“I was born in 1876 on the farm where that apple tree later became famous. My dad was L. L. Mullins, who owned the farm. "Now one day, when I was about 15 years old, that would have been about 1891, dad sent me out with a big old mowin' scythe to mow the pasture field. "I was swingin' away with the scythe when I came across a little apple tree that had grown about 20 inches tall. It was just a new little apple tree that had volunteered there. There wasn't another apple tree right close by anywhere. "I thought to myself, 'Now young feller, I'll just leave you there,' and that's what I did. I mowed around it and on other occasions I mowed around it again and again, and it grew into a nice lookin' little apple tree and eventually it was a big tree and bore apples. "Now my dad later gave that piece of the farm in a trade to my brother, B. W. Mullins, and later still he traded the farm place to Uncle Anderson Mullins. "Uncle Anderson had a brother-in-law named Gus Carnes, and one day Gus and Uncle Anderson decided to send some of the apples to the Star Brothers nursery to tell what kind of apple it was. And that was when the tree became famous and started the Golden Delicious apple line, for it was that tree that has produced every last one of the Golden Delicious apple trees that have ever grown anywhere. "The Starks sent a man to look at the tree, just like you've heard, and they bought the tree and the ground for 30 feet around it, and eventually they fenced it.  They were to get all the fruit from the tree, down to the last apple." [i]
Starks Nursery who bought the propigation rights to the apple began to market it in 1914 as a companion to another one of it's apples, the Red Delicious.  The original tree, which was purchased from Mullins for a sum of five thousand dollars continued to produce fruit until the early 1950's when it finally died.  It has since become a very popular apple and is grown from New England to Washington state.  It was also named the state apple of Virginia in 1955.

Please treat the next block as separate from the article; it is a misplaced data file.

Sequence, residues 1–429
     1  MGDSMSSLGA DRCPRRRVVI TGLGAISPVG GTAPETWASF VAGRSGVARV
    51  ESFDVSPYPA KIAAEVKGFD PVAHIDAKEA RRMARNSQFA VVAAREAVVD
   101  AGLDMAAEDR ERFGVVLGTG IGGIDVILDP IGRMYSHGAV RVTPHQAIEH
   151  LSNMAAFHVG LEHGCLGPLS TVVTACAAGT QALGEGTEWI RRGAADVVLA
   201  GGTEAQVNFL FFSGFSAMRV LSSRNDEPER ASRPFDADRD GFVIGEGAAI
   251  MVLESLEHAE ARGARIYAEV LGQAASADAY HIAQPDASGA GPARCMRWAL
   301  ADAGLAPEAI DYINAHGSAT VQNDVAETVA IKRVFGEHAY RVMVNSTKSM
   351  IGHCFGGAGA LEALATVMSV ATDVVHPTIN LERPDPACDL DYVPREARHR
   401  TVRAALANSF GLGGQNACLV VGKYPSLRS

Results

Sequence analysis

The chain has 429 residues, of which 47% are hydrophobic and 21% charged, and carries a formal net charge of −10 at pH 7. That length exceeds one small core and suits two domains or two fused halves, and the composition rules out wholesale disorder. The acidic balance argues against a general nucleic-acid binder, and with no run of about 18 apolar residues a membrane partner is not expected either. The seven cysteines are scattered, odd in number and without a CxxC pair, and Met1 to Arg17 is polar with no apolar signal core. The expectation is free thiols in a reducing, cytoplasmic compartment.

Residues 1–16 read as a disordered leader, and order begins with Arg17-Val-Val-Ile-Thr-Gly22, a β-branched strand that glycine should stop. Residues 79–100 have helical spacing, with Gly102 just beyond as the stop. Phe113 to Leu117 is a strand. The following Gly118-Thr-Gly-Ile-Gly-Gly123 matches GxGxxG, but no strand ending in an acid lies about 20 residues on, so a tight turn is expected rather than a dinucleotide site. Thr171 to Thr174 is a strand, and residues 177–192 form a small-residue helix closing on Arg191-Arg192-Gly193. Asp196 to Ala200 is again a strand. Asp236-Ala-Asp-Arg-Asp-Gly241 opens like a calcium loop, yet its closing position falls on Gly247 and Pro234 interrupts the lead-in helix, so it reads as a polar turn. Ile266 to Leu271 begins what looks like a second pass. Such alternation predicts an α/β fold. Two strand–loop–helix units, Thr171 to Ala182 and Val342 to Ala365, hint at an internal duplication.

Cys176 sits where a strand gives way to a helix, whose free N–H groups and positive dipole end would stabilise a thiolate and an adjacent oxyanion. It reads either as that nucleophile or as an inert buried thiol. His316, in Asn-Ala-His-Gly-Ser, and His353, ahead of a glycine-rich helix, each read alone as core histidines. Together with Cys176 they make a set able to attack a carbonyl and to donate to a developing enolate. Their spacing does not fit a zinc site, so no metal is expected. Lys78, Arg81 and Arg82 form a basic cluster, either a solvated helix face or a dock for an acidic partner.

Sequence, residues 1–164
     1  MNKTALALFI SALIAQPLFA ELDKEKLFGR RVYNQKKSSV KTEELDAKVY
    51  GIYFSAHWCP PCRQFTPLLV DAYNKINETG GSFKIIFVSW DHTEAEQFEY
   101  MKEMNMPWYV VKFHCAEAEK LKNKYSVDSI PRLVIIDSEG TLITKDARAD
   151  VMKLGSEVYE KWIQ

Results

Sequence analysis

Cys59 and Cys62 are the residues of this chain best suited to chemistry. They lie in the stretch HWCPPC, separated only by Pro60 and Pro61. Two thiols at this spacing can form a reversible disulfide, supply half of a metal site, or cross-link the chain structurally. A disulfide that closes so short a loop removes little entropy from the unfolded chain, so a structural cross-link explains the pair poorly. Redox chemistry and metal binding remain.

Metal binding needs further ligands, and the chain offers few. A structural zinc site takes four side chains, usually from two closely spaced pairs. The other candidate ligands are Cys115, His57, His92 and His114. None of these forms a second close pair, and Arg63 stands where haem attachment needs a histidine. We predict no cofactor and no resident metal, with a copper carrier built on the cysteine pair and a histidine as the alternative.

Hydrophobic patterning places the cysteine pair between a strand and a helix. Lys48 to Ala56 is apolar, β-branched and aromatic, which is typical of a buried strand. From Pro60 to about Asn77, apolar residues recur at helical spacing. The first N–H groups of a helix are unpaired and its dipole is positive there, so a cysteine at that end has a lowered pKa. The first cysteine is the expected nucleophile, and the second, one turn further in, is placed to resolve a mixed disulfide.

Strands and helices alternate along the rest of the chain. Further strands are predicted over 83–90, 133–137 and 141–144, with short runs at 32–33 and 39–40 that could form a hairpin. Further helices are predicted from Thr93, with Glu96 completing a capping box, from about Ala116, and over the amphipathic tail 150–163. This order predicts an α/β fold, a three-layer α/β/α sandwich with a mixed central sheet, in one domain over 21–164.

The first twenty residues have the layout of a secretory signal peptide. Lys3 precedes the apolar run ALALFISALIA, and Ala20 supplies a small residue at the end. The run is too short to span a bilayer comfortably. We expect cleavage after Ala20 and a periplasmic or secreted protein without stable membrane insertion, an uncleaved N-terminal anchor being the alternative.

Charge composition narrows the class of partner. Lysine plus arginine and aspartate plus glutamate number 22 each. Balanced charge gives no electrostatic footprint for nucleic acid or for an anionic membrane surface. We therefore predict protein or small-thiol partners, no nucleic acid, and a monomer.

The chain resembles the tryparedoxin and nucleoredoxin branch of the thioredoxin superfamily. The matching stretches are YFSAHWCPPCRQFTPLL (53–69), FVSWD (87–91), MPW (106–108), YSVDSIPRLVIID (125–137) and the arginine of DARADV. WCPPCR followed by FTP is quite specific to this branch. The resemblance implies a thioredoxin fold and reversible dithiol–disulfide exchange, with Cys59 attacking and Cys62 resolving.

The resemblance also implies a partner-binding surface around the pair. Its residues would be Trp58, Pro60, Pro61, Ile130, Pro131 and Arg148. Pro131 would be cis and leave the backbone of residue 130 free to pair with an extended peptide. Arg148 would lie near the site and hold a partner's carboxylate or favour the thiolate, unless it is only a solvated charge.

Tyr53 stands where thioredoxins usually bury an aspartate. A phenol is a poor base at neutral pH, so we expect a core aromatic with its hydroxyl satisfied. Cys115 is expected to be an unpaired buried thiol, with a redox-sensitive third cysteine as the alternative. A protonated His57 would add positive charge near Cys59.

The Golden Delicious is one of the later apples to be harvested.  From a pickers perspective I find it to be a fun apple to pick.  Usually large, it is not as easy to bruise as a Macintosh, but if bruised, the golden skin will show it very readily.  When very ripe they often develop a blush where the sun hits them, especially those that have exposure to the early morning rays.  When over ripe they can be a little waxy to the touch and are very aromatic once in the bin.  Although I don't personally find it to be a great keeper, fresh off the tree it is very sweet and if not overly ripe, very crisp.  A great snack on an October afternoon. 
[i]"Dunbar Man 'Discoverer' of Golden Delicious Apple". Charleston Daily Mail. October 18, 1962

Wednesday, October 21

A Background

"What a healthy out-of-door appetite it takes to relish the apple of life, the apple of the world, then!"  -- Henry David Thoreau, Wild Apples

I fee like perhaps it is appropriate to begin with the story of my life, maybe not my whole life just now, but at least the part that has lead to a bunkhouse in New Hampshire, where I now sit next to a barrel stove writing this.